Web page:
The massive demonstration was held after Yemen’s Houthi Ansarullah movement confirmed that Samad and six of his companions had lost their lives in the airstrike on Hudaydah last Thursday.
The Saudi-led war began in March 2015 in support of a former Riyadh-friendly Yemeni regime.
The Yemeni Ministry of Human Rights announced in a statement on March 25 that the Saudi-led war had left 600,000 civilians dead and injured until then.
The Saudi-led countries waging war on Yemen have also blockaded the already-impoverished country.
Full report at:
Turkish FM to attend NATO meeting in Brussels
25 April 2018
Turkish Foreign Minister Mevlut Cavusoglu is set to participate in a meeting of the top diplomats of NATO allies in Brussels on April 27, the Foreign Ministry said on Wednesday.
In a statement, the ministry said Cavusoglu was to “exchange views on the current security environment and review the preparations for the upcoming NATO summit to be held in Brussels” on July 11 and 12.
Cavusoglu is expected to participate in bilateral talks with his counterparts on the sidelines of the meeting, the statement added.
Pakistan eliminated terrorism at a monumental cost: Dastgir
April 26, 2018
RAWALPINDI: Federal Minister for Defence Khurram Dastgir said on Wednesday that Pakistan had eliminated terrorism from its soil at a monumental cost in blood of its soldiers and citizens.
“We have suffered economic losses in excess of US $120 billion in our war against terror. Through its elected government and Parliament, Pakistan has adopted a comprehensive National Action Plan to combat terrorism in the non-kinetic realm,” according to a press release issued here by Ministry of Defence.
The minister stated this while addressing the 15th Defence Ministers Meeting of the Shanghai Cooperation Organization (SCO) in Beijing.
This was the first assembly of the SCO Defence Ministers after the organisation was expanded in 2017 for the first time to add India and Pakistan as full members.
Chinese State Councilor and Minister for Defence, Gen Wei Fenghe chaired the meeting.
Dastgir headed the Pakistan delegation that included Director General of Joint Staff (DGJS) Lt Gen Zafar Malik, SCO DG, Zahoor Ahmed from Ministry of Foreign Affairs and Brig Ahmed Bilal, Pakistan’s Defence Attaché in Beijing.
The minister indicated continuing turmoil in Afghanistan, including the presence of ISIS, as a source of insecurity for its neighbours and for the entire region.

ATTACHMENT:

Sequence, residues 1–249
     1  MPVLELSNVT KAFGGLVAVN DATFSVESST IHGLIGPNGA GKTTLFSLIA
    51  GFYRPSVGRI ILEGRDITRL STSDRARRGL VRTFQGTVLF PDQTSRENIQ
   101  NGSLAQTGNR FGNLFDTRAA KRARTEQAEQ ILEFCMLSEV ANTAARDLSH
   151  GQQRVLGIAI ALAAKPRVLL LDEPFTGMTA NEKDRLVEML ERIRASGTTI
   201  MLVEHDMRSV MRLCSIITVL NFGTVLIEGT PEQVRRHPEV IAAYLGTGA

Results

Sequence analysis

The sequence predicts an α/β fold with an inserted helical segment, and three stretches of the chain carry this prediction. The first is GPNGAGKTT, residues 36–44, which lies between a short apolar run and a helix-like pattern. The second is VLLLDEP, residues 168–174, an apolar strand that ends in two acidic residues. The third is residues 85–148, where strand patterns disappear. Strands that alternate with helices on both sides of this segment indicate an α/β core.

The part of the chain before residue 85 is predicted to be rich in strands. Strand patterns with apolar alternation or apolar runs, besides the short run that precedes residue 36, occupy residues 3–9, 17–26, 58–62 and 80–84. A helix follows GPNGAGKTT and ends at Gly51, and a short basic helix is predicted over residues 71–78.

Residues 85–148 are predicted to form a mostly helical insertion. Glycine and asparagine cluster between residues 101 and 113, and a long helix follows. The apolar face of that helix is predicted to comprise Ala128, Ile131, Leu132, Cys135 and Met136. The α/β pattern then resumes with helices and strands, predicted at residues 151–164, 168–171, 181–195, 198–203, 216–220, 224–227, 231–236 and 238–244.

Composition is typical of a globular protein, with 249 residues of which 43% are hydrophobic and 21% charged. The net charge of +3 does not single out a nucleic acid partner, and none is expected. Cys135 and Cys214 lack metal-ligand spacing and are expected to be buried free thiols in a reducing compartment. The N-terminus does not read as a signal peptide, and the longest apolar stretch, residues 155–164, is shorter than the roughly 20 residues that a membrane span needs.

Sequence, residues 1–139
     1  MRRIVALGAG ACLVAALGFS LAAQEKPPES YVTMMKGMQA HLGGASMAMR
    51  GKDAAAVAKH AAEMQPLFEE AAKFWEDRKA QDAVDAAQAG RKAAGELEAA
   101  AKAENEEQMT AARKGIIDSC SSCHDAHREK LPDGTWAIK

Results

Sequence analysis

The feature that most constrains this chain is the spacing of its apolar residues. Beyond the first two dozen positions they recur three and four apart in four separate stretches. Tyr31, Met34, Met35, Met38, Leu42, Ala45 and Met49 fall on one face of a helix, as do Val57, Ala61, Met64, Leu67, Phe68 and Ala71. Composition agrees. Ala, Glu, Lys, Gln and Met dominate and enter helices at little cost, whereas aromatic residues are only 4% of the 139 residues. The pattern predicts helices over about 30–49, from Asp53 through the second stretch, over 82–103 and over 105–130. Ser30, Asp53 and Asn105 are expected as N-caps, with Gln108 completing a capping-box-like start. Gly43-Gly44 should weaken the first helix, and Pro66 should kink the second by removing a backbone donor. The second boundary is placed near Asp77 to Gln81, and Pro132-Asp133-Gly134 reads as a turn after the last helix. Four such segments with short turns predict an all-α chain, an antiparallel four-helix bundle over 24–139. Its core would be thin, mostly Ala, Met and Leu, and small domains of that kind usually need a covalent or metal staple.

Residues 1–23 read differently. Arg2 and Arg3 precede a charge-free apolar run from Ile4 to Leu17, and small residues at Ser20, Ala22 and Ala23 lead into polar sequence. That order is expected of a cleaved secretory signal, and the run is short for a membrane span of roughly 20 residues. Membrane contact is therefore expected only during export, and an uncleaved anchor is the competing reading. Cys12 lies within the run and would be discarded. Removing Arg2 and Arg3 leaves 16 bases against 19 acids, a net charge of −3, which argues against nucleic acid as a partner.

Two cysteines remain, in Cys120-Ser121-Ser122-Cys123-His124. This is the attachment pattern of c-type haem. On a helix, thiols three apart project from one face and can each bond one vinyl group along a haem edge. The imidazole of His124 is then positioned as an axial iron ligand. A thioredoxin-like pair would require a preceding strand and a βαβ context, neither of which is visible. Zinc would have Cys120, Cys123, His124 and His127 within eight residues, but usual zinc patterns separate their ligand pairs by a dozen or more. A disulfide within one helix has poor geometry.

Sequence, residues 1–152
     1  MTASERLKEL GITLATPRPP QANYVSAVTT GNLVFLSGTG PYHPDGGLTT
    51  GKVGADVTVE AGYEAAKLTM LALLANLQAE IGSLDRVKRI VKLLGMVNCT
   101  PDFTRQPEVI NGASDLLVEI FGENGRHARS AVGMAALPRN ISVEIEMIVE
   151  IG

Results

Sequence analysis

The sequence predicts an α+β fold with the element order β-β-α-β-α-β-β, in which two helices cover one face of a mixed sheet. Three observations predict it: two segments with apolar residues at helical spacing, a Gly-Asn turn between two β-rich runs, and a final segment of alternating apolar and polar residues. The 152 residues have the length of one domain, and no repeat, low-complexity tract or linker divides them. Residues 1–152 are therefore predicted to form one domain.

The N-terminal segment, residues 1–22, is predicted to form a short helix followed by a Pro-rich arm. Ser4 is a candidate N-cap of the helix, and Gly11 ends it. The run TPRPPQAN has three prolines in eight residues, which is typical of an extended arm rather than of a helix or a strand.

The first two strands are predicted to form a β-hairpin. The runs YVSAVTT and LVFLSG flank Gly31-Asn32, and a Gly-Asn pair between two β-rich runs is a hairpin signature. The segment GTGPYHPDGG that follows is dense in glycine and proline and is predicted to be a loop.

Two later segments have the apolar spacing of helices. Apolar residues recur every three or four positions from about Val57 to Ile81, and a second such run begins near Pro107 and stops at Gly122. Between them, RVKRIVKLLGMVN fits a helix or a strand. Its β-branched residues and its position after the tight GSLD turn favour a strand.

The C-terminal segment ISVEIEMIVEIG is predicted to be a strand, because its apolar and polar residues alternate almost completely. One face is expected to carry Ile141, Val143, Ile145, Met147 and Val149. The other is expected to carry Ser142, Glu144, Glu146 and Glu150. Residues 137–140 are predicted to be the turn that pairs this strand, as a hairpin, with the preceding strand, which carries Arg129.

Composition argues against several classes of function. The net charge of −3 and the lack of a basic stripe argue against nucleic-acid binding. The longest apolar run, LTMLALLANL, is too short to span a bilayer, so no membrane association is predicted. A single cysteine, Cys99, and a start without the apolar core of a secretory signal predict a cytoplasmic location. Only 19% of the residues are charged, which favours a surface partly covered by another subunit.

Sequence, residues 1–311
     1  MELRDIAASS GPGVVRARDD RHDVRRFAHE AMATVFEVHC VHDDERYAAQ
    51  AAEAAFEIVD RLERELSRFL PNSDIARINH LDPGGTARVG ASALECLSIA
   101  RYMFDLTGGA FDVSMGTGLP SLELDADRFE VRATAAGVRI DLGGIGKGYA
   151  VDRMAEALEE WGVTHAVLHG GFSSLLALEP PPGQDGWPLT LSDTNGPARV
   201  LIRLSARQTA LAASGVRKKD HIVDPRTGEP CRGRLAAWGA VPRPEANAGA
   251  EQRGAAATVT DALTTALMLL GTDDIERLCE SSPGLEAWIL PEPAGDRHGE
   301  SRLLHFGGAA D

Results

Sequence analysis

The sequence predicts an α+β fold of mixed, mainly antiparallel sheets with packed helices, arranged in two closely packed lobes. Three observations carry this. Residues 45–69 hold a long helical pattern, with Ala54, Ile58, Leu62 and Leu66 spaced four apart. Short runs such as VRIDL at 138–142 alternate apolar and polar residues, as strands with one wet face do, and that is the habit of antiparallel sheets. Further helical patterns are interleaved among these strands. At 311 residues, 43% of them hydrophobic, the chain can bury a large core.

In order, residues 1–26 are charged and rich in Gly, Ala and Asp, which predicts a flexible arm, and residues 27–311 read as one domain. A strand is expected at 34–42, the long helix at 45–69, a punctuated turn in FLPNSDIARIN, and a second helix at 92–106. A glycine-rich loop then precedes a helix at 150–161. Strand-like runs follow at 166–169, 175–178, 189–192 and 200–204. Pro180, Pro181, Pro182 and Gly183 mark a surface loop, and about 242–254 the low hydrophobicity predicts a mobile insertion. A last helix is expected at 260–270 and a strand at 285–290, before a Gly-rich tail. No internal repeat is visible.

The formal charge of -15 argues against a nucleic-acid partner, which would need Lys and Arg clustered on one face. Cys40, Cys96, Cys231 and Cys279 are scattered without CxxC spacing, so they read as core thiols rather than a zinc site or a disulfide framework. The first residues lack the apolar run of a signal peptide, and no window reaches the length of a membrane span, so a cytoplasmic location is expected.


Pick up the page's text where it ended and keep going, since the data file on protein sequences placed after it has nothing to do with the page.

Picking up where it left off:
“Serious challenges facing the region include violent extremism, poverty, lack of trans-boundary water management, drug trafficking, refugees, human trafficking, and border controls,” said the minister.
He acknowledged the existence of bilateral issues between SCO members, but asserted that these should “never be allowed to impede our collective work”.
He encouraged his counterparts to face collective challenges with “courage, harmony and cooperation.
In his first official SCO meeting, the minister signed a communiqué with other participants. The communiqué offered support for the “Shanghai Spirit” of building a shared community with peace and stability, development and prosperity.
Defence ministers from the SCO member states including those from China, Kazakhstan, Kyrgyzstan, Russia, Tajikistan, Uzbekistan and India attended the meeting. Defence Minister of Belarus attended as an Observer.
Are Pakistani politicians worse than their Indian and Bangladeshi counterparts, asks Islamabad's interior minister Ahsan Iqbal
Apr 26, 2018
Islamabad: Are Pakistani politicians worse than their Indian and Bangladeshi counterparts? This was Pakistan's Interior Minister Ahsan Iqbal's strange query as he attacked Supreme Court Chief Justice Saqib Nisar for allegedly exceeding his brief.
Chief Justice Nisar is under attack ever since the apex court disqualified prime minister Nawaz Sharif last year and ended his political career by barring the three-time premier from holding public office for life.
Sharif had been criticising the judiciary, especially chief justice Nisar, accusing him of imposing the "worst kind of dictatorship" in the country.